Silence is a requirement for leaving the computer giant with a severance package, so it is rare for any IBM workers on the chopping block to offer insights let alone to speak out. However, a blog maintained by the Communication Workers of America has proven to be one of the best ways for outside observers to track work force cuts by IBM around the globe. The CWA has been trying to organize a union inside IBM.
"Lot of cuts in Canada SWG today (Tues) and even more for tomorrow," posted one IBMer. "Don't take it personally, your relationship with IBM should purely be of mutual benefit. If you don't like your side of the deal then get out of there, because IBM sure as hell won't hesitate to drop you if they think you've outlived your usefulness. If it's not you this time around, it will be you eventually."
If reports on the Alliance@IBM web site are on the mark, the cuts in the Systems Technology Group (STG) might reach 25 percent. RAs in STG in Canada began on Tuesday with workers given 30 days notice, with more cuts set for Wednesday; one-on-one meetings are reported from STG units in Research Triangle Park in North Carolina, where all server developers reportedly have been cut, at Burlington, Vermont, and at San Jose, California. Other IBM units said to be targeted are the Software Group at sites in Littleton, Massachusetts and East Fishkill, New York. More cuts reports at Austin, Texas... Poughkeepsie, New York... and Chicago. And other layoffs are reported in the United Kingdom.
"76 to go in UK SWG by 1st July as voluntary," writes one IBMer. "Also announced an involuntary structure for separation in August. But IBM (has) not yet indicated figures or confirmed if this is over an above the original 76 volunteers. IBM UK also has big plans to restructure in 2H, all managers have been briefed under NDA."
Back in early March, IBM told its Rochester employees that manufacturing of PowerPure Systems and PureFlex systems are both moving to Guadalajara, Mexico. In addition, the used and refurbished power system manufacturing is going to be shifted to the IBM complex at Poughkeepsie, New York. These production lines are for mid-range computers for business applications.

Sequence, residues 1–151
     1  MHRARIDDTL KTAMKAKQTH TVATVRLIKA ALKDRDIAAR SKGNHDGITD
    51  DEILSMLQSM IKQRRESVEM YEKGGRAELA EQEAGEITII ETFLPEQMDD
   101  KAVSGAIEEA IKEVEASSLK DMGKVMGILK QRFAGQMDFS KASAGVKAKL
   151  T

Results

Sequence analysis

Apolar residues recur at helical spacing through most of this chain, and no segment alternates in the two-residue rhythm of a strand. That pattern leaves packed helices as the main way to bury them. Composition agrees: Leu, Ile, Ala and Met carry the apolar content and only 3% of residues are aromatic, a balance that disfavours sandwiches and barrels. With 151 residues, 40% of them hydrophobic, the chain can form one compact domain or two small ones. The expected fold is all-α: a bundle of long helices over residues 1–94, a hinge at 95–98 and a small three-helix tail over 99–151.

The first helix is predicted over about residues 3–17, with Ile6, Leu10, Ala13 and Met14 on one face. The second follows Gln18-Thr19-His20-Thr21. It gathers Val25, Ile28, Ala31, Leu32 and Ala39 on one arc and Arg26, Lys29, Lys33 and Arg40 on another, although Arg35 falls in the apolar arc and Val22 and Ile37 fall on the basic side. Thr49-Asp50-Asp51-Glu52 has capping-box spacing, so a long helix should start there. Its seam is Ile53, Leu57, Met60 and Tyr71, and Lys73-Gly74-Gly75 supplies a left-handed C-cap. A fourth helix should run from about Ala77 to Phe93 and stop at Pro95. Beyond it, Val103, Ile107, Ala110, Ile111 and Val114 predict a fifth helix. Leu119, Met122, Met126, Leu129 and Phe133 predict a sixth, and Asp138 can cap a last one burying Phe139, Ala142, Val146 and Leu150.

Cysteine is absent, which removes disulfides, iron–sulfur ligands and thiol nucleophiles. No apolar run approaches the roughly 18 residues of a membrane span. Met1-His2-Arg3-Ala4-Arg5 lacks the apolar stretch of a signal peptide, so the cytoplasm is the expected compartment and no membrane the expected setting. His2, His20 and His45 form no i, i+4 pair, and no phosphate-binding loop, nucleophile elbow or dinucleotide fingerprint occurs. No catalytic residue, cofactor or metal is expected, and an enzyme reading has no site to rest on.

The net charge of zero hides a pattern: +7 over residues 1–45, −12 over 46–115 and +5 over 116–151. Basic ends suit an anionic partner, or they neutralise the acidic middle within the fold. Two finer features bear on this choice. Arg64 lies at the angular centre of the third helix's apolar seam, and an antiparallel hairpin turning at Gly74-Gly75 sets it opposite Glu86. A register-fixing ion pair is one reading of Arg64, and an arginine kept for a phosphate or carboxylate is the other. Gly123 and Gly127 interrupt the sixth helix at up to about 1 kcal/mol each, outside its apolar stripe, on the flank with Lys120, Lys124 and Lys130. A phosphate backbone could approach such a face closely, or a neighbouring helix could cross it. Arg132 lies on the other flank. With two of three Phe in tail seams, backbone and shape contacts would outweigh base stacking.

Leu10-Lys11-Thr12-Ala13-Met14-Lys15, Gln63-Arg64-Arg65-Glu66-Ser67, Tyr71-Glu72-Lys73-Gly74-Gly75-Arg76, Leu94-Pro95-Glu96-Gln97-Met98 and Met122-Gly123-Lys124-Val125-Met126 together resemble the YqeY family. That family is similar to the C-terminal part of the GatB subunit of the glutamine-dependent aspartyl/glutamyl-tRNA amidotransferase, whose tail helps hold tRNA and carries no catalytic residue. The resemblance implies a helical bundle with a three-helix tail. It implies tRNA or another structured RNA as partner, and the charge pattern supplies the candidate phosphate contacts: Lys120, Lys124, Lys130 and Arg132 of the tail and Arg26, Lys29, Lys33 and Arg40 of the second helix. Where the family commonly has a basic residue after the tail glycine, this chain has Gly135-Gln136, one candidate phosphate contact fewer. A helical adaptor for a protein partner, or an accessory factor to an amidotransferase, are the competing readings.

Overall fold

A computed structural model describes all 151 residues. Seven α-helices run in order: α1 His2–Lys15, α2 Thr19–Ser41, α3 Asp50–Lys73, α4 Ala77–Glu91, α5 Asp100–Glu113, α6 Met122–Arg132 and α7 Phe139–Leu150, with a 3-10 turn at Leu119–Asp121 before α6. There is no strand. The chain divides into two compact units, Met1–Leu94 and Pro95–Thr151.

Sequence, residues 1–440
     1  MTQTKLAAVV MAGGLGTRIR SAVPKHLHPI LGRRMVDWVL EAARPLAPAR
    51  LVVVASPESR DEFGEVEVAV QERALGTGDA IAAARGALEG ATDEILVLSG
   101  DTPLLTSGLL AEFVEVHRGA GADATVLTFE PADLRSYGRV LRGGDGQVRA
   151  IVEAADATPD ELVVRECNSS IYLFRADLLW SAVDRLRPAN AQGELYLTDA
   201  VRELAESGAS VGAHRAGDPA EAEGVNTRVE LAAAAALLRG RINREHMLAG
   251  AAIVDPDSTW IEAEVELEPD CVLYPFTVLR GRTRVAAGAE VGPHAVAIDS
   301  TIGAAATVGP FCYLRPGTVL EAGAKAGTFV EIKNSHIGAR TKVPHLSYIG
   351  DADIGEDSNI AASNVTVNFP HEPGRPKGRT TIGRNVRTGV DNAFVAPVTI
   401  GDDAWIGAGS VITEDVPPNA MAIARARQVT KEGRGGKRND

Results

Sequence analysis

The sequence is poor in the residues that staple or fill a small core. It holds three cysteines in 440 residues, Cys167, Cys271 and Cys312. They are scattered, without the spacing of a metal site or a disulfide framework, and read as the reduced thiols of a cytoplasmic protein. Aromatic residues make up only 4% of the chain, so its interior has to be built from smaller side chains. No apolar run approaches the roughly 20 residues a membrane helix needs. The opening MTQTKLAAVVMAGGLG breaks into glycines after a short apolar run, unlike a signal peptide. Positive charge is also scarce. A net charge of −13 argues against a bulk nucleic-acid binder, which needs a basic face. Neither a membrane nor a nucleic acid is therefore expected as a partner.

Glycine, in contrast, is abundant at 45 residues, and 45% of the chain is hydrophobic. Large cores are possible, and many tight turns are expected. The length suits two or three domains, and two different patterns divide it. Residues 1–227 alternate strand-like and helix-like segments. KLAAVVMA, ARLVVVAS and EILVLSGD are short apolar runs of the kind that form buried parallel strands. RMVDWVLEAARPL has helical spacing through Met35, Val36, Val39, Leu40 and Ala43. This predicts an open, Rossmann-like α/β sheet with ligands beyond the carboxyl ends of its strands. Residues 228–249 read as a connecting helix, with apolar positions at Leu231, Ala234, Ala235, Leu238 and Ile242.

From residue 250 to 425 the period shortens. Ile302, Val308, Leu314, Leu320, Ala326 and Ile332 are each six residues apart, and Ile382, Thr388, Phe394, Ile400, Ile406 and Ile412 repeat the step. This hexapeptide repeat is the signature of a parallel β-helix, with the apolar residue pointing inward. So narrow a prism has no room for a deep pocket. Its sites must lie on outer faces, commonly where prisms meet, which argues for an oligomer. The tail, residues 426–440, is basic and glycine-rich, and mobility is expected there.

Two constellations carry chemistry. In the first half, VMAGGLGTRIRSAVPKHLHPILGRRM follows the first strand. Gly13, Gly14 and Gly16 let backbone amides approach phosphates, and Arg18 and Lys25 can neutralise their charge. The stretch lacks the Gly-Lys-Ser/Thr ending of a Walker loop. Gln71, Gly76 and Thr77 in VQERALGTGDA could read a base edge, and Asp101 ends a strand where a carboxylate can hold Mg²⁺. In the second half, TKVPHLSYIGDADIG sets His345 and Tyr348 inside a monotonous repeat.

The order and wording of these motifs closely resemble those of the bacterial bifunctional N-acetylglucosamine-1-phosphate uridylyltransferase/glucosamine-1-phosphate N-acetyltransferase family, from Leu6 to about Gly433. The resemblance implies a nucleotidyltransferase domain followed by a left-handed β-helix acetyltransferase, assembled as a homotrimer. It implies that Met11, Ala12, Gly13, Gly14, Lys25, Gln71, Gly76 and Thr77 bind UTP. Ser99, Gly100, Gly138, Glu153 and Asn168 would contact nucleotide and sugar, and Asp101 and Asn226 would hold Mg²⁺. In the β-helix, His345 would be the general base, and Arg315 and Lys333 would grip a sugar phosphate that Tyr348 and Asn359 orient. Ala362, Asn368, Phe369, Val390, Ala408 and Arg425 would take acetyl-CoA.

The company will not divulge numbers of workers negatively affected at the Rochester manufacturing site, but sources initially estimated that 200 full-time employees might be impacted when the work they do in Rochester moves south of the border. Other company sources did an informal "head count" and told us in March that 150 other "Manpower workers" will also lose their jobs in the shift of manufacturing.
The purge being set in motion Wednesday appears to be unrelated to the shift of computer manufacturing out of Rochester; rather, it is taking on the tone of similar "resource actions" of years back with cutbacks occurring in multiple business units simultaneously.
"IBM's CFO stated that IBM would take a $1-billion charge for job cuts in the 2nd quarter," writes Alliance @ IBM's Lee Conrad. "This resource action, IBM code name Project Mercury (a more fitting name would be Project Walk the Plank), has already begun in some of IBM's international operations. But in the case of IBM's international units, the workers are involved in consultations and negotiations through their unions and works councils."
"No one is immune, anyone's number can come up even if you are a stellar employee," said one Rochester IBMer. "They'll just hire you back through Manpower at a cheaper rate doing the same job."
"If it's not time for your review, there is only 1 other reason your manager would call you in for a 1 on 1," posted a former IBM employee who claimed he was let go in 2007. "Good luck to those of you that have a meeting scheduled, and remember on your way out the door, keep your chin up, there is life after IBM and it's a better one."